Criticism of ACE from Christians
Defenders of Accelerated Christian Education often dismiss criticism as coming from those pesky secular humanists, the source of most of the world’s evil. Yet on Christian Education Europe’s website, they admit they “have been surprised and disappointed by a general lack of interest – if not antagonism – found in some churches” toward their mission. If I were them, I’d think about why.
I’ll start with a book that makes me want to cry with relief – Ungodly Fear by Stephen Parsons, a vicar. This book, subtitled “Fundamentalist Christianity and the Abuse of Power,” describes my old ACE school in the first chapter. It isn’t mentioned by name, and the staff have pseudonyms, but it’s unquestionably my school. I am titanically grateful to see it recognised in print that this type of school is abusive. It is described as authoritarian, “a regime of being ruled by fear,” with ruthless discipline. “Most days at least one child would get the paddle. So on average, each child would get hit with a spoon at least once a month.” The book describes a child being humiliated by a member of staff in front of the whole school. The author suggests the staff’s counselling techniques were in fact intimidation.
If children are being abused (and I’m certain they still are), the quality of the curriculum is moot. Still, Parsons does add (p. 50) that in ACE, “The Bible is taught without any critical ideas being entertained.” The result, says a parent (p. 37): “The ACE system tends to produce either robots or rebels.”
Let’s be clear on this: you don’t have to be a secularist to see that Accelerated Christian Education is destructive. And yet, I remind you, it is used by 60 schools and 800 homeschooling families in the UK (source).
In Christian Perspectives on Church Schools (google preview), Geoffrey Duncan (General Secretary of the National Society and the General Synod Board of Education for the Church of England) describes an ideal Christian school as one where “the ethos of Christianity pervades the schools, but its dogma is notably absent,” and Muslims can attend a Christian school without their faith being denigrated (p. 123). He notes, correctly, that ACE would have little time for this scenario.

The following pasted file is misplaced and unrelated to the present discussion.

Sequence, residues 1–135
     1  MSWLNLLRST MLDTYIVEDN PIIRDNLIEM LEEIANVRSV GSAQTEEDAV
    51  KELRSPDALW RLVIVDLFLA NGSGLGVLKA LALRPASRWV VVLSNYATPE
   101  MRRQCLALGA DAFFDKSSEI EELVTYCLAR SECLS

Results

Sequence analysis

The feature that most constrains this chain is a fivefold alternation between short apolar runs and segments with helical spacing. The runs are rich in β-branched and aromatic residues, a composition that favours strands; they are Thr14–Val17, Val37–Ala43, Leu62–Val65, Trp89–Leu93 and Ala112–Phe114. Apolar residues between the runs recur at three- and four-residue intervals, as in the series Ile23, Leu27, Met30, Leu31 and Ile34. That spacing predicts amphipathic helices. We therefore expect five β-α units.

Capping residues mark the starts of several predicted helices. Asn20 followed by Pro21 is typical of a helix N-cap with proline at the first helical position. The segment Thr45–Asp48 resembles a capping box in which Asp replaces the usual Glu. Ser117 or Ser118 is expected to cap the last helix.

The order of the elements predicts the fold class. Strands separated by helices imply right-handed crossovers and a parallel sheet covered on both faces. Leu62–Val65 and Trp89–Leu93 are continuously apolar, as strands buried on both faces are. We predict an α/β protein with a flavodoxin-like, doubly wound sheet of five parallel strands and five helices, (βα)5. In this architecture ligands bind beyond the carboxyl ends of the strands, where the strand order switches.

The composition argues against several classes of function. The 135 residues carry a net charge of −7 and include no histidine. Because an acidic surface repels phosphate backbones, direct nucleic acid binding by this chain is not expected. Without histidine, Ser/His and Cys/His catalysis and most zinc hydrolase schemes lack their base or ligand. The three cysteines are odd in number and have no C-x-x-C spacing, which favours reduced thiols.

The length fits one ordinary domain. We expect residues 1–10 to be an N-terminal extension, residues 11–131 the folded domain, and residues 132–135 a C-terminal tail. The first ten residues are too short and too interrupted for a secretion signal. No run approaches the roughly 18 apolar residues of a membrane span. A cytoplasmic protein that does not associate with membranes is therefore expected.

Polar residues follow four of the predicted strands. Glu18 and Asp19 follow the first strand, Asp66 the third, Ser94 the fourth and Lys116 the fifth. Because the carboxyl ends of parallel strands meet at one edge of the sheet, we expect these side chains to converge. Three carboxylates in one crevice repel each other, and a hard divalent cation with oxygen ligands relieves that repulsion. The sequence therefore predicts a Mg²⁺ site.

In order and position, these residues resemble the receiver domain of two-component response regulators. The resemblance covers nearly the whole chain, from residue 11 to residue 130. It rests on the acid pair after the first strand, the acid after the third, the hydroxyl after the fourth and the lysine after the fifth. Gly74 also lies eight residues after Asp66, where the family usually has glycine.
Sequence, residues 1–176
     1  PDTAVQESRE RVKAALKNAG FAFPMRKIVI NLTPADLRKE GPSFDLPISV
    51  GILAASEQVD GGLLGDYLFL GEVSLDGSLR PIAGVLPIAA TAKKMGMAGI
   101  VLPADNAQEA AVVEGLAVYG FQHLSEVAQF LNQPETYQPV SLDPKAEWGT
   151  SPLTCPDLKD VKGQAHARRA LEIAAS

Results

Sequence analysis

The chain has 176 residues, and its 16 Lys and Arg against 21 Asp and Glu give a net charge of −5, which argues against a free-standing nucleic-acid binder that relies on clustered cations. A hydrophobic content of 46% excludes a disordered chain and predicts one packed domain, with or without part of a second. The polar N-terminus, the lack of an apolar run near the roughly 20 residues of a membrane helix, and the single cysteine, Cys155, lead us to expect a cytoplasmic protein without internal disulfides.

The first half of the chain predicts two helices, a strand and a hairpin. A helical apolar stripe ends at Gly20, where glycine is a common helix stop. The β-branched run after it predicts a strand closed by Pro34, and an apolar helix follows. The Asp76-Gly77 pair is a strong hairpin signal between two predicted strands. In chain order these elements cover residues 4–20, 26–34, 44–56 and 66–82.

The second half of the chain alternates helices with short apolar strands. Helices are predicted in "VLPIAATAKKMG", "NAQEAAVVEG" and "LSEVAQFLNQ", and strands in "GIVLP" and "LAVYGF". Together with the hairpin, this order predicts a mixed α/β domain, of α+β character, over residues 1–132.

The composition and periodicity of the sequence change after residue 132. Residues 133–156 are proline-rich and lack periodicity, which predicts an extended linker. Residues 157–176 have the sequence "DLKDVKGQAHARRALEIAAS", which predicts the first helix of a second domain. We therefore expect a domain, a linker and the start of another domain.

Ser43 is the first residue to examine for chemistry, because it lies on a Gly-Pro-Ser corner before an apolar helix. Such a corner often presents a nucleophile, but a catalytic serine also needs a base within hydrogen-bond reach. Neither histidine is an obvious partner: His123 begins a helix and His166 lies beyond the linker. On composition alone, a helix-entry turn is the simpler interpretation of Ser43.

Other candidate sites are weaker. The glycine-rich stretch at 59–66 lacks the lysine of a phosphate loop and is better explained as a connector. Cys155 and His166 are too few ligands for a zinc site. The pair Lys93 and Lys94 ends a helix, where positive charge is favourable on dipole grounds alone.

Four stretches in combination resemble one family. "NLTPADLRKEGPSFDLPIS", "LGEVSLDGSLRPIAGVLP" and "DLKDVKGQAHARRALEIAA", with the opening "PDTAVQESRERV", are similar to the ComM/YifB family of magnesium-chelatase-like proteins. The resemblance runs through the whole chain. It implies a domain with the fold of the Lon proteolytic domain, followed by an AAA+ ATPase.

Elsewhere in the same book, Professor Brian Hill (former editor of the Journal of Christian Education) has this to say about ACE (pp. 254-255, emphasis added):
It is interesting that in at least three Australian states questions have been raised about whether schools using Accelerated Christian Education materials should be refused registration. The verdict of many secular authorities is that some of these materials are indoctrinative rather than educative, and the fact that they refuse to allow their pupils seriously to examine the evolutionary theory in biology is not the only reason. I find it even more interesting that so many Christian educationists agree with the states’ estimation of these materials. The point at issue exactly the one I have been discussing, and educational and biblical grounds come together in outlawing the way these materials set out to manipulate young persons.
In Christian Perspectives for Education (google preview), Hill again describes ACE as using mind-control (pp. 129-130, emphasis again added):
The psychological foundation for [ACE’s] approach is the ‘operant conditioning’ theory of B.F. Skinner. The human organism is determined by his environment, and susceptible to behavioural conditioning. Skinner has no respect for the supposed faculties of critical reasoning. ACE stands in direct line of succession to those who sought, by emotional manipulation, to obtain decisions for Christ which by-pass the individual’s rational autonomy, but it cashes in also on the improved manipulative techniques discovered by modern behavioural psychology.